16 12 emotional problems through the medium of the clay used to model the heads of the puppets, by drawing the puppet characters, by witnessing or producing puppet plays or by the free discussion" (Bender and UUaltmann, 1936). Lyle and Holly. Lyle and Holly (1941) discussed ths therapeutic value of puppets in terms of re-education. In child therapy both the therapist and the child can learn much about the nature of the child's conflicts which he can express through dolls or puppets better than through words due to his limited vocabulary. Puppetry allows the patient to express his fantasies in a creative way. Allowing a patient to express fears, helps to externalize the anxiety which provides more insight about the conflicts. A puppet may serve as a means of expression of inhibited agoressiveness which along with the nature of a person's anxiety becomes apparent in symbolic play with puppets. This play allows free expression of infantile aggressiveness without arousing conscious guilt feelings in the individual. Puppets allow people to enact aggressive or horrifyino scenes or fantasies such as executions, without the gruesome reality that would be attached to human actors, One of the major values of puppetry is its versatility. A puppet may play roles both on stage and in treatment. Patients often make conscious or unconscious identifications with puppets. The antics of a puppet may express the exhibitionistic strivings which a person cannot express himself.

17 13 Puppetry creates the nppnrtunity tc utilise thr talents and interests of patients. The building of a puppet may satisfy a deep creative urge. In reference to this, Lyle and Holly (1941) state, "the making of any useful or beautiful article is always of great constructive value to a patient, but when he creates a figure in his own image and it takes on a life of its own, his sense of achievement is akin to that of a person who participates in the creation of a real child." In making puppets, some patients will over-emphasize certain features related to their own personal characteristics. The complete control which a person gains over a puppet can expand his ego by giving him a sense of mastery. Excited patients can benefit from the concentration and coordination that is necessary in controlling a puppet, A puppetry project can enhance self-confidence and encourage socialization since puppetry usually involves some sort of social relationship even if the audience is one person. Jenkins and Beckh. In 1942, Jenkins and Beckh wrote an article on the use of finger puppets and mask making as media for work with children in therapy. The purpose of this article was to stimulate further realization of the possibilities of these media. Jenkins and Beckh were familiar with the work of Bender and Woltmann using puppets with groups, and were interested in exploring the usefulness of puppetry in individual treat-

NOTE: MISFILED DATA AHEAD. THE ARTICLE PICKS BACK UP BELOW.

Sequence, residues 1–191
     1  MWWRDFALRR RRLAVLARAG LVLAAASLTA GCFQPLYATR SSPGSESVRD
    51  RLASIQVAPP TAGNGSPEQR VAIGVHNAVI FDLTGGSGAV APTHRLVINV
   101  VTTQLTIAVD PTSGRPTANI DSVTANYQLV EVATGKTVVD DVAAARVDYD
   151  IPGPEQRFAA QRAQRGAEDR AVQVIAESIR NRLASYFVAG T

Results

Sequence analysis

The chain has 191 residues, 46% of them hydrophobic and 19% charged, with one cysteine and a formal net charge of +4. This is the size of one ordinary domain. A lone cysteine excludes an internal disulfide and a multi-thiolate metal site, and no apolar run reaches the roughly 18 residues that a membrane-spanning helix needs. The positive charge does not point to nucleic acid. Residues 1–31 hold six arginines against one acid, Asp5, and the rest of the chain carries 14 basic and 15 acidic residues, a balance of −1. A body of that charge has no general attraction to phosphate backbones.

18 14 ment. They had successful results and found puppets to be most useful for ages five to eleven, Jenkins and Beckh agreed that hand puppets are vigorous and expressive but they felt that hand puppets are too complicated and require more skill than finger puppets. They describe finger puppets as being similar to hand puppets except that they have no body. The exposed hand serves as arms, legs and body. In favor of puppets over dolls in therapy, Jenkins and Beckh (194?.,) described puppets as being "more vivid, more a- live, more unusual and more intriguing than dolls." Puppets can be manipulated effectively without practice and can be used by children immediately for effective expression. "Since the puppets are in fact the hands of the puppet player, these hands have for the purpose of the play ceased to be a part of the child and are the bodies of the puppets. Aggressive or other tabooed actions undertaken by these hands are therefore, for the purposes of the play, not the actions of the child manipulating the puppet, but actions of the puppet. If the puppet does wrong, it is the puppet, not the child that is censured or punished" (Jenkins and Beckh, 194"2.). This also allows the child and the therapist to discuss the child's problem impersonally, by presenting it upon the stage and relating the problem to the puppet character. The therapist can personalize the problem whenever this seems necessary.